Russia welcomed Boris Johnson’s departure from office.
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LONDON — Global leaders have reacted to Boris Johnson’s resignation, with the Kremlin in particular expressing pleasure at the U.K. prime minister’s exit.
Johnson announced Thursday that it’s time for his party to choose a new leader and, therefore, a prime minister after more than 50 people resigned from his government in protest of his leadership.
As events unfolded in the U.K. on Thursday, the spokesperson for the Kremlin, Dmitry Peskov said, “He doesn’t like us, we don’t like him either,” according to a Reuters translation.
The Kremlin and the Foreign Ministry were not immediately available for comment when contacted by CNBC.
Speaking Friday morning, Sergei Lavrov, Russia’s foreign affairs minister, said that Johnson “kept saying that Russia should be isolated, while his own party has isolated Boris Johnson himself instead.”
“I don’t even want to comment on this, because Boris Johnson, with all his activities as Prime Minister, and as Foreign Minister, proved that he is a man who primarily chases after superficial effects, holds on to power in order to raise his political career in every possible way.”
The acrimonious relationship between Boris Johnson and Russian leader Vladimir Putin might not come as a surprise to many. Johnson’s military support to Ukraine has often raised criticism in Russia. In fact, Moscow banned Johnson from entering Russia as part of a wider package of sanctions related to the war.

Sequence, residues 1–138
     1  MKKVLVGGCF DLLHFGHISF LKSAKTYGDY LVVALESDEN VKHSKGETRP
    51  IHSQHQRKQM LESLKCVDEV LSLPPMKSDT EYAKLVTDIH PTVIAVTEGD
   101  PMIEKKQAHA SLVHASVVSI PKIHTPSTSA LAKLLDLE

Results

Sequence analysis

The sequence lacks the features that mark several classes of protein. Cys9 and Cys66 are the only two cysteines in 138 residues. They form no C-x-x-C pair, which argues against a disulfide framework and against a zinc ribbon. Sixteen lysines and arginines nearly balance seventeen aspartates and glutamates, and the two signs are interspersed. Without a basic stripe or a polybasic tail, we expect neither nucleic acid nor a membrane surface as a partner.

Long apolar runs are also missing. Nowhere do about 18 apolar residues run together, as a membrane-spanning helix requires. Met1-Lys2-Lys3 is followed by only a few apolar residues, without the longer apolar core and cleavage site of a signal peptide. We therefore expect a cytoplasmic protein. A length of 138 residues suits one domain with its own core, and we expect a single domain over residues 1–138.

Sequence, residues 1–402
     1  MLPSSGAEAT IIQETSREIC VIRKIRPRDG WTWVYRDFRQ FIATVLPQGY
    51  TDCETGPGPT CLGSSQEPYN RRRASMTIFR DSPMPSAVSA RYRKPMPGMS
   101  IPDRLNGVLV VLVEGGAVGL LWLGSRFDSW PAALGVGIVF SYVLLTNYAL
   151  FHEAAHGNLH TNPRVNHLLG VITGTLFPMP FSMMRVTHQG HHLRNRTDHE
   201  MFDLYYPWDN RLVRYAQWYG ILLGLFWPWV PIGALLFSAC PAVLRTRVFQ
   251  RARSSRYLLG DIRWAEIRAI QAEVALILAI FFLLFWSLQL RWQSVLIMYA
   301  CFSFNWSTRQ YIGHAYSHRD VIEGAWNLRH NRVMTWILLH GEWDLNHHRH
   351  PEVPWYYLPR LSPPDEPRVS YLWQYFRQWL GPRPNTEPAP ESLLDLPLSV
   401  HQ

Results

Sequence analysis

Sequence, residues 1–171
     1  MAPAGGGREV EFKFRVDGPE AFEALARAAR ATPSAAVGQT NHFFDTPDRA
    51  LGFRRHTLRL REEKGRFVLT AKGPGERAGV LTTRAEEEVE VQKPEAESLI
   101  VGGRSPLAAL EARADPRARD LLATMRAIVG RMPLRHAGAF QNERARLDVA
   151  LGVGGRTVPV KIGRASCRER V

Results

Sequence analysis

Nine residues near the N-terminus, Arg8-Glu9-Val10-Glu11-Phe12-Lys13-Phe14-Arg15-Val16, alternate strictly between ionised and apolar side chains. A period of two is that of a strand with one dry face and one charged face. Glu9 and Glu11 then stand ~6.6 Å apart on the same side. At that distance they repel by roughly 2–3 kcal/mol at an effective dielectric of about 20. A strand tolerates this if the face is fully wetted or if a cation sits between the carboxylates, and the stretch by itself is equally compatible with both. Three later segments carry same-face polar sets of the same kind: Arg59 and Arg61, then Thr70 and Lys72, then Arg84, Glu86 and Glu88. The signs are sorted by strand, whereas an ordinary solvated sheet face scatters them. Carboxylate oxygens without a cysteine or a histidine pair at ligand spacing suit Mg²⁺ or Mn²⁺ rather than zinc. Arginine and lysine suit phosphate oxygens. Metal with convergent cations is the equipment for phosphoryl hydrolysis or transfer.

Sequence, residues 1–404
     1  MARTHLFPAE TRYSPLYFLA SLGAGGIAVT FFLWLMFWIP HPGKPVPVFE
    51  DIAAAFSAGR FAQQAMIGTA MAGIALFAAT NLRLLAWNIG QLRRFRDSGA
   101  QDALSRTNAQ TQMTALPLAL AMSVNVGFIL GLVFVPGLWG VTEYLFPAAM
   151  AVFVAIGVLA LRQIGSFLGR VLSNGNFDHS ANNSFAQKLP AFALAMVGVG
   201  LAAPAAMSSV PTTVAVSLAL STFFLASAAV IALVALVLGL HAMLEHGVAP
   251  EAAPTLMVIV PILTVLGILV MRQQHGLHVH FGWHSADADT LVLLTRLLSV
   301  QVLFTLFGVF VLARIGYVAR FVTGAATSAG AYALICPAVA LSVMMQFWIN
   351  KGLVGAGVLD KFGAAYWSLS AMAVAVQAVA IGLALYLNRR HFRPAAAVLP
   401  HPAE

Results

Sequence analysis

But Johnson’s departure will almost definitely not mean a change in policy toward Ukraine and Russia.
“Let me say now to the people of Ukraine that I know, we in the U.K. will continue to back your fight for freedom for as long as it takes,” Johnson said during his resignation speech Thursday.
Meanwhile, the reaction from Kyiv was, naturally, the opposite.
President Volodymyr Zelenskyy and Johnson spoke Thursday after the resignation speech. Zelenskyy “thanked the Prime Minister for his decisive action on Ukraine, and said the Ukrainian people were grateful for the UK’s efforts,” according to a Downing Street spokeswoman.
“The Prime Minister highlighted the UK’s unwavering cross-party support for President Zelenskyy’s people, and said the UK would continue to supply vital defensive aid for as long as needed,” the same spokesperson said.
Across the Atlantic, U.S. President Joe Biden avoided making references about Johnson specifically, but said he is looking forward to working with the U.K. government.
“The United Kingdom and the United States are the closest of friends and Allies, and the special relationship between our people remains strong and enduring,” Biden said in a statement, according to Reuters.
In the European Union, officials are now hoping for better relations with the United Kingdom.
Johnson’s government had been trying to change the details of a trade agreement it had signed with the EU following the U.K.’s departure from the bloc — a move that did not go well in Brussels. EU officials, in fact, started legal action in June against the U.K.
Guy Verhofstadt, a member of the European Parliament, said Thursday on Twitter: “EU-UK relations suffered hugely with Johnson’s choice of Brexit. Things can only get better!”
Former Brexit negotiator Michel Barnier also said “the departure of Boris Johnson opens a new page in relations with the United Kingdom.”
“May it be more constructive, more respectful of commitments made, in particular regarding peace & stability in Norther Ireland, and more friendly with partners,” he added.
However, the future relationship between the U.K. and the EU will very much depend on Johnson’s replacement.